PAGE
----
Zynga cuts workforce 18%: No fun and games

Stocks closed out the month of November on a down note, shares of Zynga plunged after the announcement they will no longer make exclusive games for Facebook, and a judge has allowed Hostess to pay its top executives $2 million in bonuses. Alexis Christoforous reports. Justin Sullivan

(MoneyWatch) Social gaming vendor Zynga (ZNGA) announced that it will cut approximately 520 employees, or 18 percent of the company's global staff, in a cost-cutting move. The company will also close various offices, saving an estimated $70 million to $80 million in "pre-tax annualized cash expense savings," according to a company press release.

Zynga's stock price of roughly $3 is a fraction of the nearly $15 it was in early 2012. The company laid off 5 percent of its staff last October.

In an e-mail, CEO Mark Pincus called it a "hard day for Zynga and an emotional one for every employee of our company" in the statement. Since going public, Zynga has had difficulties with strategic blunders, some disappointing new games titles and challenging industry conditions.

In his e-mail, Pincus suggested that the drive for growth, which was successful early on, has brought its own problems:

None of us ever expected to face a day like today, especially when so much of our culture has been about growth. But I think we all know this is necessary to move forward. The scale that served us so well in building and delivering the leading social gaming service on the Web is now making it hard to successfully lead across mobile and multiplatform, which is where social games are going to be played.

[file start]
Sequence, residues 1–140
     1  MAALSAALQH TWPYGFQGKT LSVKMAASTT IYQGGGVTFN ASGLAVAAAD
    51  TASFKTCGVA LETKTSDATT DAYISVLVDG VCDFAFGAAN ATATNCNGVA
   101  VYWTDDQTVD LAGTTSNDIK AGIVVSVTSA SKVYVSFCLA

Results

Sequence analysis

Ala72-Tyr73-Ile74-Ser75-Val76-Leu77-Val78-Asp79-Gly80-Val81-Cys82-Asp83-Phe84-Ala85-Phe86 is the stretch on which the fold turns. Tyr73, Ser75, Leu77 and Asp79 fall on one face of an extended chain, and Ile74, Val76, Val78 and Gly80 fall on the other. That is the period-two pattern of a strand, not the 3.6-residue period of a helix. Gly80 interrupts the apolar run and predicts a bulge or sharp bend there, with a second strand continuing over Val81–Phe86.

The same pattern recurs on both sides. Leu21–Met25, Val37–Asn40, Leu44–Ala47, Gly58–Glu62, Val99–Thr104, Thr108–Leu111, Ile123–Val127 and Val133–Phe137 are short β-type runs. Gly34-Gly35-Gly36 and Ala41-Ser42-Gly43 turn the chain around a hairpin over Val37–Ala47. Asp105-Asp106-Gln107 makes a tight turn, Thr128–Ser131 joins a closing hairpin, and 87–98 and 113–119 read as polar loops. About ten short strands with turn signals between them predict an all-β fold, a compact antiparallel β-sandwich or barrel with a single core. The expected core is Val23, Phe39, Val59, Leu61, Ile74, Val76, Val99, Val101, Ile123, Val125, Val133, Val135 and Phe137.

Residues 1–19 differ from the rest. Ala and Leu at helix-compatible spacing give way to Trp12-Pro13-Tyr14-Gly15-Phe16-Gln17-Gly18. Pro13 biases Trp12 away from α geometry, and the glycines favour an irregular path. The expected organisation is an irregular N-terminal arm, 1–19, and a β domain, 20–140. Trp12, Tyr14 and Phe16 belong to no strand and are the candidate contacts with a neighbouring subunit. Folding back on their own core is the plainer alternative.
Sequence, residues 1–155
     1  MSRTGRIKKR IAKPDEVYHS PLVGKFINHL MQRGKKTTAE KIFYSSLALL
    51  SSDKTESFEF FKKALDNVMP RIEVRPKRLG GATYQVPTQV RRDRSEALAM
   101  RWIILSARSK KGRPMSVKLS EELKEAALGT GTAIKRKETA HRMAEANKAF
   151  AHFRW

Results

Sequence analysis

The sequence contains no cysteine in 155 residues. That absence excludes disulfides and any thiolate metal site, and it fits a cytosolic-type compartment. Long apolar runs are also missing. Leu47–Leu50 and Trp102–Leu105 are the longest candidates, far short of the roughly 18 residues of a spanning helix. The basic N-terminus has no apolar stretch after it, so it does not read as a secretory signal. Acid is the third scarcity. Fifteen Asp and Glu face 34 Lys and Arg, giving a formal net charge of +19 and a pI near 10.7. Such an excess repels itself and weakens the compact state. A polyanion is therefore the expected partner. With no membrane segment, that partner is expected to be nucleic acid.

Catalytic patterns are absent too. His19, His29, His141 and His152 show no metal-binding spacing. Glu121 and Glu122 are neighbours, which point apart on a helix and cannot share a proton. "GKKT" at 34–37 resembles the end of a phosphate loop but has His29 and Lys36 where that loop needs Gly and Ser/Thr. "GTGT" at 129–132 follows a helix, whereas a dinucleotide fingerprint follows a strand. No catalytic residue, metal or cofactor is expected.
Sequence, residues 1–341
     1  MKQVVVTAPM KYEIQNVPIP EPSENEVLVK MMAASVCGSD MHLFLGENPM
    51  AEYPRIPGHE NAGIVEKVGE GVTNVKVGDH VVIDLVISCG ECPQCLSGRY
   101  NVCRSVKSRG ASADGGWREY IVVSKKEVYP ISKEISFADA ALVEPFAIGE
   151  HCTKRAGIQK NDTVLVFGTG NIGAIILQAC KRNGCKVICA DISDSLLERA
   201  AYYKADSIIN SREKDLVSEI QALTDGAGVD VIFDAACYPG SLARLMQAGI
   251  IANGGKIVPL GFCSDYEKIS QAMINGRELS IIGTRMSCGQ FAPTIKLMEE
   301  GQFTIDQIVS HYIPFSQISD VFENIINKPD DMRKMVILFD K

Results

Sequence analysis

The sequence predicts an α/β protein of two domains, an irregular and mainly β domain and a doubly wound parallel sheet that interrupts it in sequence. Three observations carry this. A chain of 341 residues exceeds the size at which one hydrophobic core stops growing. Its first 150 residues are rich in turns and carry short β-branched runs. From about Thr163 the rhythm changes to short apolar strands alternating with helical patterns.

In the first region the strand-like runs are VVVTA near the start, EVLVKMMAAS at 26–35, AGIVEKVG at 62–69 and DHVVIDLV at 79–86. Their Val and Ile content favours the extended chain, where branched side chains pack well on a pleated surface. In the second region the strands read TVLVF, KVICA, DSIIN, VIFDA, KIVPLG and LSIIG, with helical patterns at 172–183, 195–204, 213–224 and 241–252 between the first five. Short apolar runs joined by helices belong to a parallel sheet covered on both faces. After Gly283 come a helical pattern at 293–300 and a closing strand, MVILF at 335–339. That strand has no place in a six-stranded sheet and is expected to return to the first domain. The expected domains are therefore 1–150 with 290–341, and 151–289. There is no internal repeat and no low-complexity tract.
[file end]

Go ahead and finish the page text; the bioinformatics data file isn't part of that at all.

Pincus further claimed that the company is offering "generous severance packages" to the former employees.

Another interpretation of Zynga's predicament came in an April note from Sterne Agee analyst Arvind Bhatia after Zynga had exceeded "conservative guidance" in the first quarter of this year:

As previewed, 1Q results exceeded management's conservative guidance. Also, as we suspected, 2Q guidance is weak and supports our thesis that the social gaming industry is experiencing difficult trends on the web. ZNGA's challenge is to offset this pressure through new growth avenues such as mobile, direct revenue from Zynga.com, and longer-term, from real money gaming. None of these new areas is proven yet, though mobile is seeing some traction. Reiterating Neutral.

Older games are weakening, and few of the company's new titles are attracting the size of audiences they need to.

The 2012 $180 million acquisition of game developer OMPPOP was largely a disappointment, as its flagship title, "Draw Something," quickly dropped in popularity after the purchase. Other acquisitions have targeted other social gaming audiences.

One of Zynga's problems is its reliance on a small percentage of its users, nicknamed "whales," who spend heavily on advancing themselves in the company's games.

After it was briefly suspended, Zynga's stock was down 11.76 percent, or 40 cents, at $3.00, just before closing.

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    Erik Sherman is a widely published writer and editor who also does select ghosting and corporate work. The views expressed in this column belong to Sherman and do not represent the views of CBS Interactive. Follow him on Twitter at @ErikSherman or on Facebook.

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